In an in vitro study, scientists found that a standardized extract of pomegranate had dose-dependent apoptotic (inducing cell death) effects against prostate cancer cells.83


Quercetin produces a 69% reduction in the growth of highly aggressive prostate cancer cells, more than a 50% upregulation of tumor-suppressor genes, and a 61%-100% downregulation of cancer-promoting oncogenes.84

Reishi Extract

In studies on prostate cancer cells, this mushroom extract was shown to greatly interfere with androgen receptor function and prostate cancer cell development.85


In one study, four days of resveratrol treatment resulted in an 80% reduction in PSA levels in prostate cancer cells.86

Saw Palmetto

Emerging evidence suggests that saw palmetto has biological activity in prostate cancer cells and may defend against prostate cancer.87


Supplementation with selenium reduces the risk of prostate cancer by up to 63%.88,89

Soy Isoflavones

The prostate cancer risk in men with the highest circulating levels of the soy isoflavones genistein and daidzein is reduced.90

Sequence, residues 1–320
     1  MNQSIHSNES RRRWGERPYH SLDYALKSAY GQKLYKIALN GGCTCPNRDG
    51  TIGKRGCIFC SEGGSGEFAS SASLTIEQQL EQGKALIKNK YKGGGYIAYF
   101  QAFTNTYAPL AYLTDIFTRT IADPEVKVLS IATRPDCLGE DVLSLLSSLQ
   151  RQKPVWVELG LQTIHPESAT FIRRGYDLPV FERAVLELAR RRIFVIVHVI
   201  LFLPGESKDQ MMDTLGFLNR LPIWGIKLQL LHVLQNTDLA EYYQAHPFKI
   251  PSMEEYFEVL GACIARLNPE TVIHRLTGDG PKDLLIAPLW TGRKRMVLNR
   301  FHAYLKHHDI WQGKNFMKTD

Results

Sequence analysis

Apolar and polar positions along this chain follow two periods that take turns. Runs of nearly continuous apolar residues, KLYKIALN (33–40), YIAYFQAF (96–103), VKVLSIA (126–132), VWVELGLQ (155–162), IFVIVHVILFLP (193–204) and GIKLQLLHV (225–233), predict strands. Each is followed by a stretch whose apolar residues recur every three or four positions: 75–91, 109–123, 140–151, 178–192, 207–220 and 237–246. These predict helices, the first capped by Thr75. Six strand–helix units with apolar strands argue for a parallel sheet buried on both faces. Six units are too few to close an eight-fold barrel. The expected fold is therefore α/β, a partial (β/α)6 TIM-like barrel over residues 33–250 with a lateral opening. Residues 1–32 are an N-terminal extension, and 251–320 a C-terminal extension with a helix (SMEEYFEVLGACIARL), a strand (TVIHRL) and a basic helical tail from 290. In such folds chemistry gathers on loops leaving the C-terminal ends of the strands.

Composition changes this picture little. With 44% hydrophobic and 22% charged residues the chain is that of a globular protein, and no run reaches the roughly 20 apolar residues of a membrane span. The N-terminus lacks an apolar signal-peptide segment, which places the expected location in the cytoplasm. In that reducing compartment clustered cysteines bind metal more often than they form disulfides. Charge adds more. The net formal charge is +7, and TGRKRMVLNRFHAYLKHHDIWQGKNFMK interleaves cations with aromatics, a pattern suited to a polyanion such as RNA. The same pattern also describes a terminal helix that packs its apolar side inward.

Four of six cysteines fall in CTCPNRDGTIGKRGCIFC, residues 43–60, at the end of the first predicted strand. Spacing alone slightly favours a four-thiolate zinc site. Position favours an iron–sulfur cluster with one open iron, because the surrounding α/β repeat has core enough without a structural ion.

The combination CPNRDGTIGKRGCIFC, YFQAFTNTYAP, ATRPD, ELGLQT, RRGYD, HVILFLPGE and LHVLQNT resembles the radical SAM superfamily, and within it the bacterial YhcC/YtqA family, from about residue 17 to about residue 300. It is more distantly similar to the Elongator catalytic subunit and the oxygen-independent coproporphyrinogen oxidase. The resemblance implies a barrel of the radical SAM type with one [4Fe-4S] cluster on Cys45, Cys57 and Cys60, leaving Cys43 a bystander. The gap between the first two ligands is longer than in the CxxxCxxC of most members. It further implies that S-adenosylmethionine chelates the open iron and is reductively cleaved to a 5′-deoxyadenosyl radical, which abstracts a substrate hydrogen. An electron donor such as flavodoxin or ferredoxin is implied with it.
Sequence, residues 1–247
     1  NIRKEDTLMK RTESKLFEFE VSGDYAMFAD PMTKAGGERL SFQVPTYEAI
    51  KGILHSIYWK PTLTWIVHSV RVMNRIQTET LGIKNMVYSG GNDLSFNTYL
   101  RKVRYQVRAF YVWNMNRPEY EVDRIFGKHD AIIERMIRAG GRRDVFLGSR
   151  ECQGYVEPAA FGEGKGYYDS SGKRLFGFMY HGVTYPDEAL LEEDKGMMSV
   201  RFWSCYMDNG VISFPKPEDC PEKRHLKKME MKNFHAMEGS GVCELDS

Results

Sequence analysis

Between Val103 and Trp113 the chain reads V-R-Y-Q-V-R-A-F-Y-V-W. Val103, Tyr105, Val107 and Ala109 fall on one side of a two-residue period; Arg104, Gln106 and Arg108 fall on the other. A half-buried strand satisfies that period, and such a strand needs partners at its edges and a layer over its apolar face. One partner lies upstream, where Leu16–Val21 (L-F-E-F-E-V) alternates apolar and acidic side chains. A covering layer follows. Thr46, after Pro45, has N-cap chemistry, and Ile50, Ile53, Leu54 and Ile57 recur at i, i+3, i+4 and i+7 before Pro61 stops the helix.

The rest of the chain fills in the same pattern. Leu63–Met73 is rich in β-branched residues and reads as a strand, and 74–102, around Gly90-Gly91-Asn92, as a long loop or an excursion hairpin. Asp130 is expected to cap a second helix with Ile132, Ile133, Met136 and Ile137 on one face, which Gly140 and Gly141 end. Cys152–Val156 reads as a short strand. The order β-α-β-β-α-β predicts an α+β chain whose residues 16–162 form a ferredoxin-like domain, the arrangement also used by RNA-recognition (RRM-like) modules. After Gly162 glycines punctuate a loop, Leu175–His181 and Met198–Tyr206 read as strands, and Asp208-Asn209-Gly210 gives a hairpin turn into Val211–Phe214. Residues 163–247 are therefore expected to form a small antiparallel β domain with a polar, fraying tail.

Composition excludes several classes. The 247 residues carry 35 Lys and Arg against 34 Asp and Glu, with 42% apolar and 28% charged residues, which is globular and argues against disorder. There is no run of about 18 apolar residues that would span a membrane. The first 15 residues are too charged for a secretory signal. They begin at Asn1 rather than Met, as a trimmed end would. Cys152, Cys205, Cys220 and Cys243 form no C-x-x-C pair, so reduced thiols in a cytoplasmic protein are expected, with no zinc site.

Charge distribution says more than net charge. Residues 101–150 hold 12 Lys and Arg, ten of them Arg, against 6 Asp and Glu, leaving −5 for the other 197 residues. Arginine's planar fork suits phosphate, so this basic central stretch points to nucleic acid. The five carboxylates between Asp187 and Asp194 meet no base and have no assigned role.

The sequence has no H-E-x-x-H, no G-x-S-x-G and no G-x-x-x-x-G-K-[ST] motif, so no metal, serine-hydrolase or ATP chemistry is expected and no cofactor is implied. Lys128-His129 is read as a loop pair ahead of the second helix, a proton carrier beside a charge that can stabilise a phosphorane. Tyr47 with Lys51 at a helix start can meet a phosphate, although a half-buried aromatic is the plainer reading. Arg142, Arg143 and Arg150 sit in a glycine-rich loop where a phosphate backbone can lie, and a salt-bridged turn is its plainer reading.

Vitamin C

An in vitro study on human prostate cancer cells found that vitamin C inhibits cell division and growth (through the production of hydrogen peroxide, which damages the cancer cells). The study author concluded that ascorbic acid is likely a potent anti-cancer agent for prostate cancer cells.91

Vitamin D

Higher vitamin D levels are associated with a greater likelihood of survival after prostate cancer diagnosis.92

Vitamin K

In one study, men with the highest intake of vitamin K2 were 63% less likely to develop advanced prostate cancer.93

Watercress Extract

Watercress contains high amounts of a compound called phenethyl isothiocyanate that inhibits the proliferation of prostate cancer cells and their ability to form tumors.94


Men in the highest quartile of plasma zeaxanthin had a reduced chance of developing prostate cancer, compared to those in the lowest quartile.95


Supplementation with 15 mg of zinc daily reduces the risk of advanced prostate cancer.96